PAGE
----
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How Mercedes is dealing with F1 engine cooling headaches in 2018

Lewis Hamilton's warnings about his engine getting too hot during his pursuit of Sebastian Vettel at the Australian Grand Prix has highlighted how on the edge cooling requirements are in Formula 1

Teams well know that the less cooling required, the more aerodynamic performance they can achieve from a car featuring more closed-off bodywork, but that brings a risk of things overheating.

In Mercedes' case with its W09 in Melbourne, its car had sufficient cooling for when it was running in clear air, but that became more marginal when running behind a rival.

The balancing act over cooling will be even tougher in Bahrain this weekend, with temperatures much higher than in Australia.

Mercedes has opted for a clever way of installing its halo, with the boat tail section at the rear of the safety structure crafted into a cooling exit (red arrow, below).

It's not dissimilar to the solution used when cooling demands were at the most extreme last season (inset, below), as the team exchanged the normal blank panel alongside the cockpit for one that included two vertical cooling slits when it was needed.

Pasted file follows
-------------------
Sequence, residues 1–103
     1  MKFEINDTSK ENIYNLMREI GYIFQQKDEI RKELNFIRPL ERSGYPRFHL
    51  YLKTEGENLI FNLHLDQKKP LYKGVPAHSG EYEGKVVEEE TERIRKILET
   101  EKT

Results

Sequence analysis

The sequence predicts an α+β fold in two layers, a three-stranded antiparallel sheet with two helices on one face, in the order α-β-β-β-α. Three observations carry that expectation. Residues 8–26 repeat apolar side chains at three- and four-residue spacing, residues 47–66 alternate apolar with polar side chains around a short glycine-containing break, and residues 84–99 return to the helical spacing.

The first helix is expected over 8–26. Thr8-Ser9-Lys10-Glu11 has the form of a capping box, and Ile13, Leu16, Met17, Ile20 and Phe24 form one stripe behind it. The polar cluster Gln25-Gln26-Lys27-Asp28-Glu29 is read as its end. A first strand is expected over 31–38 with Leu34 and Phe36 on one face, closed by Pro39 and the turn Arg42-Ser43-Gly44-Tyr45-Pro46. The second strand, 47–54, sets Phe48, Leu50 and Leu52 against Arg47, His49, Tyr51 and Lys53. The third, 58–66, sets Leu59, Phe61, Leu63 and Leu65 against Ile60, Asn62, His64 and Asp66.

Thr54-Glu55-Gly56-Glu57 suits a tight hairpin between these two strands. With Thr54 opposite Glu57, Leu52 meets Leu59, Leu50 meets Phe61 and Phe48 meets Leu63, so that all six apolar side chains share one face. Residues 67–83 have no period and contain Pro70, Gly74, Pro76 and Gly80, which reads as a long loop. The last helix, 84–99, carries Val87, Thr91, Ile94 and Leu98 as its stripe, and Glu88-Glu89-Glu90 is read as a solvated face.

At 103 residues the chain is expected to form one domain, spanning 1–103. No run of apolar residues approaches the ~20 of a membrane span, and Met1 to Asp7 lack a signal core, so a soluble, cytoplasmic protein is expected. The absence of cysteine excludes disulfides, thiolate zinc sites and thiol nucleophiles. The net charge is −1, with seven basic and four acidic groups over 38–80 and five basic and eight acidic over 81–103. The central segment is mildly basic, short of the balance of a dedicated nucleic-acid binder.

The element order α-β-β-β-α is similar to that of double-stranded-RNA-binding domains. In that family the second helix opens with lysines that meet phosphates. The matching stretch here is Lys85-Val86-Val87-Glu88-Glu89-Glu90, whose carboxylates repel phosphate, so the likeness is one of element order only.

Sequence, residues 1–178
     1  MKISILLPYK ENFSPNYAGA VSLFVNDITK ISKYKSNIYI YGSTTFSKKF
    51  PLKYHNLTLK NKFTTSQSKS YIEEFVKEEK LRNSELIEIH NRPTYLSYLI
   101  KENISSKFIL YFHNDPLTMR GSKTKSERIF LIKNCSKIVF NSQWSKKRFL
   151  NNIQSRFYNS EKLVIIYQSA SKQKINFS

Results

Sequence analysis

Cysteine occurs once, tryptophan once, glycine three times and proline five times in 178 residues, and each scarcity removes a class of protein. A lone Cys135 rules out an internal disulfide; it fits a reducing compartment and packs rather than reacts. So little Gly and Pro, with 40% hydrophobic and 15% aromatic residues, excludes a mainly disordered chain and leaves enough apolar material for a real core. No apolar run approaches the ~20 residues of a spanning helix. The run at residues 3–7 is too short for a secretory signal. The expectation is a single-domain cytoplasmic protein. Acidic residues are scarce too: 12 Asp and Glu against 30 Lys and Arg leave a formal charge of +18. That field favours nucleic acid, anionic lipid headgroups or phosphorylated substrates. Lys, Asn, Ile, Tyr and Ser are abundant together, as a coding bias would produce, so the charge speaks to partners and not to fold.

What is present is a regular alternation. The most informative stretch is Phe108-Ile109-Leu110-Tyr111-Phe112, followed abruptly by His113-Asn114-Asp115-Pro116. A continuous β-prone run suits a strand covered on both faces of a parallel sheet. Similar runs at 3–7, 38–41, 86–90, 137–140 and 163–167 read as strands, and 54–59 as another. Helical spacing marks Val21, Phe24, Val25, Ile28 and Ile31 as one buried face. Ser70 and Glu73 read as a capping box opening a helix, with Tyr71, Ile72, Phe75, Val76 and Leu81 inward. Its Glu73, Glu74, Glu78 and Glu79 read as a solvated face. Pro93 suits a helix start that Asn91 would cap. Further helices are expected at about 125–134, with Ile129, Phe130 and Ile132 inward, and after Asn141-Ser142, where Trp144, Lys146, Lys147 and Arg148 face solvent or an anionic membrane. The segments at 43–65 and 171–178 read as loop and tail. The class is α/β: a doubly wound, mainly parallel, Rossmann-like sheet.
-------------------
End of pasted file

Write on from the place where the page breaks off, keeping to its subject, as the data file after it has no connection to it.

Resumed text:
What has changed this year is the fact that the cooling slot appears to be more permanent - with interchangeable panels fitted (blue arrow, above) depending on what the individual cooling requirements are.

For Australia, the team opted to run the W09 with a blank panel, relying on only the new exit and the main cooling exit at the rear of the car.

Both Lewis Hamilton and Valtteri Bottas noted how difficult it was to follow other cars and keep their power unit in the optimum temperature window, leading to them having to back off and pull out of the wake of cars ahead of them on the straights.

Lewis Hamilton said: "I was on the limit, pushing, but always nervous of damaging the engine at the same time.

"I cooled it down and then when I got relatively close, it came back. So I was constantly being pushed and pulled."

Valtteri Bottas added: "I couldn't put pressure on other cars, I could only follow for two laps and then back off and try again."

Bahrain will offer a fascinating insight into how much aerodynamic performance Mercedes is willing to sacrifice in the bid to ensure it gets its cooling spot on.

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